Bain says it made ‘significant errors of judgement’ in Sars work

Global management consultancy Bain & Company has admitted to “significant errors of judgement” in the work it did for the South African Revenue Service, for which it was sharply criticised by retired Judge Robert Nugent in the final Sars commission report.

In a statement, Bain said that it was “shocked and saddened by our involvement with Sars”.

“We let down our clients, our people, our alumni and our firm. Most of all, we have let down South Africa.”

Nugent delivered the commission’s final 199-page report to President Cyril Ramaphosa last week.

The commission was set up to probe the state of tax administration and governance at the revenue collection agency.

READ MORE: Sars breakdown was inevitable with Moyane at the helm — Nugent

Among the report’s findings was that the local office of Bain worked in concert with axed Sars commissioner Tom Moyane in a what the report’s authors called a “premeditated offensive”.

“We think what occurred can fairly be described as a premeditated offensive against Sars, strategised by the local office of Bain & Company, located in Boston, for Mr Moyane to seize Sars, each in pursuit of their own interests that were symbiotic, but not altogether the same,” states the report.

“Mr Moyane’s interest was to take control of Sars. Bain’s interest was to make money. This was not a plan for mere succession in public service.”

Moyane has consistently denied that he did anything wrong.

‘Unwitting participant’

Bain said that while it exhibited “various lapses in leadership and governance” in its work for Sars, it did not accept that its local representatives knowingly participated in an effort to damage the agency, describing its role as that of an “unwitting participant”.

“We understand the justifiable anger felt by South Africans, and are deeply sorry for what has happened to Sars and for our involvement.

“Bain does not, however, accept that its representatives knowingly participated in an effort to damage Sars,” it said.

“Bain made many mistakes in relation to Sars, but the firm had no motive, monetary or otherwise, to damage Sars, and did not set out to do so.”

The group — which said its understanding of South African politics was naive — also announced it had appointed Bain partner John Senior as the group’s SA head from January 2019, and created an advisory board to guide its future work. — Fin 24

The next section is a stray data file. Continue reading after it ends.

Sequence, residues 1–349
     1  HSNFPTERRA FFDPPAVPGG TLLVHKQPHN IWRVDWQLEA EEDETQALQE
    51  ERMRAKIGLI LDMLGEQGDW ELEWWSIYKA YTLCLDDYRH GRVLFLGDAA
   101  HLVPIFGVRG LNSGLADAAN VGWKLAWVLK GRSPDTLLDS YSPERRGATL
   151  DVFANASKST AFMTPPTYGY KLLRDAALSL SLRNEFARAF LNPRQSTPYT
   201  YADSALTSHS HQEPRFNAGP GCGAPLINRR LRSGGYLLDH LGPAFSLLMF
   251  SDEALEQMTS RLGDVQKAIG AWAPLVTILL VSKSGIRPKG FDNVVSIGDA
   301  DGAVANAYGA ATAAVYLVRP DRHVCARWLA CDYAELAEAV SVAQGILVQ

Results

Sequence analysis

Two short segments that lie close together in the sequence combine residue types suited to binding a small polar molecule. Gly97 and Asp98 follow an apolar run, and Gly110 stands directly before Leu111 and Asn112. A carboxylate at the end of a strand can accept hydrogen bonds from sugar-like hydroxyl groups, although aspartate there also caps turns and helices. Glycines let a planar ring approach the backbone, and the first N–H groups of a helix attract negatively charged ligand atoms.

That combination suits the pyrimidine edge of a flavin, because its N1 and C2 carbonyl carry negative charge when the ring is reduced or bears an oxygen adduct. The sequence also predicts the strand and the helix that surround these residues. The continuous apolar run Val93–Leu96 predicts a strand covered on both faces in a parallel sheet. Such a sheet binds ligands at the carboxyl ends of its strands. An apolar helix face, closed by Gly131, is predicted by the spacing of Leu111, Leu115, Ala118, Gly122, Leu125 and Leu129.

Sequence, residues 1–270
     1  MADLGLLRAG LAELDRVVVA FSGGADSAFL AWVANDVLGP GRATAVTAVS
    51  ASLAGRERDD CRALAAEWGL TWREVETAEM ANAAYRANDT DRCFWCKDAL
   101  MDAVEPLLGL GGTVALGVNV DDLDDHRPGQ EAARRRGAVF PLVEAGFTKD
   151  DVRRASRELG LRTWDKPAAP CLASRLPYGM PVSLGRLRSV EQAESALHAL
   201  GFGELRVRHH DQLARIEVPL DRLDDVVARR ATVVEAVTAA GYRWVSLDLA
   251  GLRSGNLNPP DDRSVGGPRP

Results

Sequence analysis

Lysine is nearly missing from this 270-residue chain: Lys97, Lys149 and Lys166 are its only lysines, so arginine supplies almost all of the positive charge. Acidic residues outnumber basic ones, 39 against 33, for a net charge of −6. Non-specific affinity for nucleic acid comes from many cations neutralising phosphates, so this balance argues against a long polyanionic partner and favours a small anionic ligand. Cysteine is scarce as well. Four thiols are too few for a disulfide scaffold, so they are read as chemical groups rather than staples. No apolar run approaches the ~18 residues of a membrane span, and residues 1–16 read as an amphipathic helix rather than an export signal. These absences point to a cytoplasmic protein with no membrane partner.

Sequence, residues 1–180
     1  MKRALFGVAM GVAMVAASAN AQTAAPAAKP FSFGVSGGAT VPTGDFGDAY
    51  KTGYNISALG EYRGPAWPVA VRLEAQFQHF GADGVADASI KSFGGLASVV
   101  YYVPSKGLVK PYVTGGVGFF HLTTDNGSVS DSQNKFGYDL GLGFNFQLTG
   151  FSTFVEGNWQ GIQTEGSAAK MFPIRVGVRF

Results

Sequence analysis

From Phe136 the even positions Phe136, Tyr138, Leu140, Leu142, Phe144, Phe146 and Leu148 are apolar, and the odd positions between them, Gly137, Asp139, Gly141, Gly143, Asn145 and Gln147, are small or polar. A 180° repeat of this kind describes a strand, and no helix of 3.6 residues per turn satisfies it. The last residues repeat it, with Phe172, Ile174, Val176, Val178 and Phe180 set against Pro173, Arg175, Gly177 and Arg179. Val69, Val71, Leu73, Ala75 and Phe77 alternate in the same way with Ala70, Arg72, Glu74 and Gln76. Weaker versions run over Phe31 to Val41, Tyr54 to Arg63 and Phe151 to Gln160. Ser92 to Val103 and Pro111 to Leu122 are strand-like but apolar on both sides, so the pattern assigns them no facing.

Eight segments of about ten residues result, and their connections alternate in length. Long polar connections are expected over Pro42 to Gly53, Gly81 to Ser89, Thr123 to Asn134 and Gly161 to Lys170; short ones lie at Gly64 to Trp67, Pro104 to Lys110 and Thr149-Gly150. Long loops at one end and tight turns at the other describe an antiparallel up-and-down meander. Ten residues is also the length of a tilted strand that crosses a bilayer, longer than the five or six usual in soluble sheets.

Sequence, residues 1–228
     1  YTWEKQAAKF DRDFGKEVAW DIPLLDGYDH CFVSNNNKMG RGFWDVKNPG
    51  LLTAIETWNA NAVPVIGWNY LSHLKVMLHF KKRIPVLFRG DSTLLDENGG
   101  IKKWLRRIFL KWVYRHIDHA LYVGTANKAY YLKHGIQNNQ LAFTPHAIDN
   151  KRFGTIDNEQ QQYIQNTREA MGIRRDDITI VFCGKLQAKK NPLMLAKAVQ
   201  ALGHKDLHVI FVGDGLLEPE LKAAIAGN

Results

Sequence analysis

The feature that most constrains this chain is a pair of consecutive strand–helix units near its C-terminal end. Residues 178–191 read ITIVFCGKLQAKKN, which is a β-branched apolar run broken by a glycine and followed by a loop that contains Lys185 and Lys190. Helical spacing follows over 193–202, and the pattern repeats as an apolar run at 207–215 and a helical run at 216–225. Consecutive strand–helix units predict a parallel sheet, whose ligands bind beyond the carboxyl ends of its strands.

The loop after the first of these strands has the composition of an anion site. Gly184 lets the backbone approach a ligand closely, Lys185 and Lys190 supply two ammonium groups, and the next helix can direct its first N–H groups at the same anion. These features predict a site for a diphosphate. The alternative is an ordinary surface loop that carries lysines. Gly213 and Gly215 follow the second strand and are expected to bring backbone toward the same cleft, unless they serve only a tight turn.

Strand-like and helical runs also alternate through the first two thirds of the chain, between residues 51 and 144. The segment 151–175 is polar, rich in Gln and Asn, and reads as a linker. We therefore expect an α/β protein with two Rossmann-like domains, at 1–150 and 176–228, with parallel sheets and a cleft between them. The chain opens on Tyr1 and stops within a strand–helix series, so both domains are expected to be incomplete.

Subscribe to the M&G

These are unprecedented times, and the role of media to tell and record the story of South Africa as it develops is more important than ever.

The Mail & Guardian is a proud news publisher with roots stretching back 35 years, and we’ve survived right from day one thanks to the support of readers who value fiercely independent journalism that is beholden to no-one. To help us continue for another 35 future years with the same proud values, please consider taking out a subscription.

Jan Gerber
Jan Gerber
Journalist & photographer. Parliamentary reporter for News24

Related stories


Subscribers only

Come what may, the UIF will pay

The fund – the main safety net for unemployed workers – will run at an almost R20-billion deficit

‘Terrorised’ family shines a light on traditional leadership for vulnerable...

The ambiguity between traditional and constitutional leadership has been exposed by the violent banishment of an Eastern Cape family

More top stories

High court grants Dlamini-Zuma leave to appeal adverse ruling on...

The court held that the ongoing state of disaster meant there was public interest in the legal test applied to measures taken to contain the pandemic

Concourt to hear Zondo commission’s application for contempt order against...

The former president has one week to file answering papers in the application that also seeks a prison sentence imposed on him

Koko maintains he had no idea he was exchanging emails...

On his fourth appearance before the commission, the former Eskom CEO maintains he was tricked into sharing company information with a third party

Zuma foundation claims ex-president was prepared to testify, but Zondo...

Zuma’s namesake organisation twists facts and the law – he told Zondo he would answer questions but only in private to the deputy chief justice

press releases

Loading latest Press Releases…